The Dutchmans Breeches is botanically known as Dicentra cucullaria and is a part of the Papaveraceae family. This is an early spring plant that is a native wildflower in some areas of the United States. In the wild, the flowers can be found growing in the forest, in rocky areas, on slopes, in ravines, and along streams. The plant grows best in zones 3 through 7. The plant when mature reaches 6 to 12 inches tall and 6 to 12 inches wide. Some floral experts compare its flower and foliage to a bleeding heart because the flowers have a similar pattern of growth and shape. The flowers on the plant are white in color with yellow centers that are easily seen. The plant derived its name Dutchmans Breeches because of the flower shape looking like upside down pants and is called spurs. The flowers blossom up the stem of the plant and bloom in early to mid-spring. The plant has fern-like foliage with the leaves having deep splits giving them the appearance of a fern. When the flowers are done blooming the foliage remains until it changes from a grayish green to a pale yellow. Planted in the right spot this plant takes little maintenance and the best conditions for the flower is partial shade and humus soil or a moist acidic soil. The soil should be able to remain dry when the plant is dormant. This plant in the right location can spread fast since new plants grow from the underground tuber root system. Planting this flower in the garden or landscaping should be done with the room for it to expand. It may be planted by a walkway or driveway if the soil is right and partial sunlight. This is a plant that may not transplant well from the wild and may not grow good when planted by seeds.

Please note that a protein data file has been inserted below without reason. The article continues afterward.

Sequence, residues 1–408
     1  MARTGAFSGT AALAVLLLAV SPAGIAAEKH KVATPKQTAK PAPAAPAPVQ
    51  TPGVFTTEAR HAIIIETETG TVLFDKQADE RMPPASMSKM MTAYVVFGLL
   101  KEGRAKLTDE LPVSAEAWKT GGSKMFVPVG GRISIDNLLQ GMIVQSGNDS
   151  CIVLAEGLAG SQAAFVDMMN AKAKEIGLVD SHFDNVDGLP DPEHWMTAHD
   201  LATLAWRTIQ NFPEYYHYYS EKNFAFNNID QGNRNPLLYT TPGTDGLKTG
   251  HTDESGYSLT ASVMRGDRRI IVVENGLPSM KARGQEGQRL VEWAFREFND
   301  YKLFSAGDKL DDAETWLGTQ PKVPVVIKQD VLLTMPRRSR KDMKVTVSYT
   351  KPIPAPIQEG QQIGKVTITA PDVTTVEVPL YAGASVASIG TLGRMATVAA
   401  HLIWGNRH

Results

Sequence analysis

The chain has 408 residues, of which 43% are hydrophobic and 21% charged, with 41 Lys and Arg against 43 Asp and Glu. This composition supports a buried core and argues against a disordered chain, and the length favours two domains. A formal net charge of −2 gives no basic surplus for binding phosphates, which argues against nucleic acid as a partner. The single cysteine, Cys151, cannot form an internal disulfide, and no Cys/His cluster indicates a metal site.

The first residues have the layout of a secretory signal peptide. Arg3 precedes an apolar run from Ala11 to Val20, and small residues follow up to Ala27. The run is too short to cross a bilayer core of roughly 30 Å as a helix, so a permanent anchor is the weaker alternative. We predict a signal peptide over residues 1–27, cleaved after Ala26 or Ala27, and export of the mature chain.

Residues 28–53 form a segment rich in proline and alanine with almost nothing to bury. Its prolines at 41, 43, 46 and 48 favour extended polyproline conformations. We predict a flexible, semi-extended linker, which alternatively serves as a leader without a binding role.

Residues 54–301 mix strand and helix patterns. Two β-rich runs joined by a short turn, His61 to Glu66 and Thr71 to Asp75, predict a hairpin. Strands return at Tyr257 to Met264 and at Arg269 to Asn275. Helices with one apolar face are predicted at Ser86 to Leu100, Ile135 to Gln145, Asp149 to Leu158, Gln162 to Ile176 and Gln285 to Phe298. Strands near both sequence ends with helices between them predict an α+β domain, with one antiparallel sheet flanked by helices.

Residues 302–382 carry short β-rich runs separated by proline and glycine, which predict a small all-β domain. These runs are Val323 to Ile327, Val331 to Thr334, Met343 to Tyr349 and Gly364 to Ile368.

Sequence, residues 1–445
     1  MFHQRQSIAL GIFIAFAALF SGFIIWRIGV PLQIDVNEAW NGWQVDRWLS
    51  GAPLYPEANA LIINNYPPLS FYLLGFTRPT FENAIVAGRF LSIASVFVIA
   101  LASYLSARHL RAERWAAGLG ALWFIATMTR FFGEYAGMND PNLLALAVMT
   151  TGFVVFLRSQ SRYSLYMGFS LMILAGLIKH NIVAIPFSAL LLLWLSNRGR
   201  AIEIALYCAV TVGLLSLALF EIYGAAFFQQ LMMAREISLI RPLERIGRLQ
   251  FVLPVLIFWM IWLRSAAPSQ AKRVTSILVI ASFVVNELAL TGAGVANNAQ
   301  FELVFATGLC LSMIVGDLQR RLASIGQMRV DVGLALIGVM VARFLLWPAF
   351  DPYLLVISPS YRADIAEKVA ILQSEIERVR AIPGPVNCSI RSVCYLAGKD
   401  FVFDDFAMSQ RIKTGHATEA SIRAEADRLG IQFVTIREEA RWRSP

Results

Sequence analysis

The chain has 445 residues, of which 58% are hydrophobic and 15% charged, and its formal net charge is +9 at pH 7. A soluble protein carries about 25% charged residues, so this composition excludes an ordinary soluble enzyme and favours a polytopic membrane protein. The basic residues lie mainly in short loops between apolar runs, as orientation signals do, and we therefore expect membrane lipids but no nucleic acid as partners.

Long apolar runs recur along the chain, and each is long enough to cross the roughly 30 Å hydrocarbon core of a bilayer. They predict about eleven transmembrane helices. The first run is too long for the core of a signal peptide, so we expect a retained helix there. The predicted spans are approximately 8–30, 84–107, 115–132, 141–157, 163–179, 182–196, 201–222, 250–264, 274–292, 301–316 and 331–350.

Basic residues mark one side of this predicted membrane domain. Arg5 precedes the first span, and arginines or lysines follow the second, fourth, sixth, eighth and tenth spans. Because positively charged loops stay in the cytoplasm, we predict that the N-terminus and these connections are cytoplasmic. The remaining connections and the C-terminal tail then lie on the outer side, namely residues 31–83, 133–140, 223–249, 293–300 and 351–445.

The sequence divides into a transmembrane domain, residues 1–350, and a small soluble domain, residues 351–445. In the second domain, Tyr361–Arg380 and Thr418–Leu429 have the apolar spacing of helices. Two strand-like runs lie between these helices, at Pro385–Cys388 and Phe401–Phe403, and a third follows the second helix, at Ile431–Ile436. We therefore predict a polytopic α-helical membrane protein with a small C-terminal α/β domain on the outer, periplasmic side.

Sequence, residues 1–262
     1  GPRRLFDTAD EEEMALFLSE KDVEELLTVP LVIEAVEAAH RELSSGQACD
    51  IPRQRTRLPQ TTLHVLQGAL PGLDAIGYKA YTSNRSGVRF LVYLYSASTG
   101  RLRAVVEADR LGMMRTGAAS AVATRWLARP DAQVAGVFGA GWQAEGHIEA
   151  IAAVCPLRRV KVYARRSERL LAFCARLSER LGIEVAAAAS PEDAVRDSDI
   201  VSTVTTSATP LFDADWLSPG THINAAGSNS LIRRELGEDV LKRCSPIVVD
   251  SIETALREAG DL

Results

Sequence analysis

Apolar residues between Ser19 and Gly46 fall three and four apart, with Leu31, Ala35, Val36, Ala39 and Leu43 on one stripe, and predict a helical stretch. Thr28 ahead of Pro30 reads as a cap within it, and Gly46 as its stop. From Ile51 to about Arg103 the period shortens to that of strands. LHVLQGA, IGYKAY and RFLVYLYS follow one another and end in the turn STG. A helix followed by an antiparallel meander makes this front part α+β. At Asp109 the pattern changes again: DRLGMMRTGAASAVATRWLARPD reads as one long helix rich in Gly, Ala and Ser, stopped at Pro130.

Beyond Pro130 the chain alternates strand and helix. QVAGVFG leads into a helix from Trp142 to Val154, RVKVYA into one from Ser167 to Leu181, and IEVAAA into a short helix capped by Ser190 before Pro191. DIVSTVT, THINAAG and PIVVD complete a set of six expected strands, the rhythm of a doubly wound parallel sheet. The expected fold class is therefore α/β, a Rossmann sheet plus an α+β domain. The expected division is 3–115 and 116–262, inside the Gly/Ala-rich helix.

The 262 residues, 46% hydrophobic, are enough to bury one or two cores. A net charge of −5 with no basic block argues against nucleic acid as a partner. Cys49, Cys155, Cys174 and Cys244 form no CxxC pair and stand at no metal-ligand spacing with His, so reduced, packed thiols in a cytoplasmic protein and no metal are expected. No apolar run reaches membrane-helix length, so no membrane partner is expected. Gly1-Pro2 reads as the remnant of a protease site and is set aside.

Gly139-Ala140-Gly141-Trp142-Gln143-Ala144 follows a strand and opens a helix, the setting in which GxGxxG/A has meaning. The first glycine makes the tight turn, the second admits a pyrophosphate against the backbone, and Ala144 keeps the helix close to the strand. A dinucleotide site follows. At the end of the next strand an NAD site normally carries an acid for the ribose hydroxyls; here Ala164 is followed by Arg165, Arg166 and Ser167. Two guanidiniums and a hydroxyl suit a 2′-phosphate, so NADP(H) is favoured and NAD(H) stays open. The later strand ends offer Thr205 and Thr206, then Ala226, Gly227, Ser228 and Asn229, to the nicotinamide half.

Dutchmans Breeches- Dicentra cucullaria- Papaveraceae family
Dutchmans Breeches with the botanical name Dicentra cucullaria a wildflower that is part of the Papaveraceae family and Dicentra clan. This is a plant that grows in zones 3 through 7 and can be called Staggerweed. It is at home growing on slopes or rocky locations and grows near squirrel corn. The plant reaches 6 to 12 inches tall and 6 to 12 inches in width getting white flowers referred to as spurs that have a yellow stamen. The flowers have a resemblance to bleeding hearts and are often called the wild bleeding heart, which is also from the Dicentra clan. The leaves of the plant are fern-like in appearance that have deep slits. The leaves are a gray green and will change to a pale yellow after the plant stops blossoming. The plant has stems that shoot up with the flowers growing up them rather than clumped at the top and bloom in early spring. This plant likes acidic soil and it likes partial shade making it a good plant to place at the end of a garden in shaded areas or near woodlands when landscaping. The plant spreads by underground tubers and likes moist to dry soil. In the right location, the plant can spread quickly and should have ample growing room. If the plant needs to be split up it must be done during its dormant season. This is a plant that can be toxic if eaten causing convulsions and a staggering gait if eaten by animals and got the name Staggerweed because of cattle eating the plant. It may be wise to wear gloves when maintaining the plants and while they need little care the tops can be cut down with a weedeater after the blooms are finished for the season leaving the fern-like foliage that will have a nice appearance until the plant goes dormant.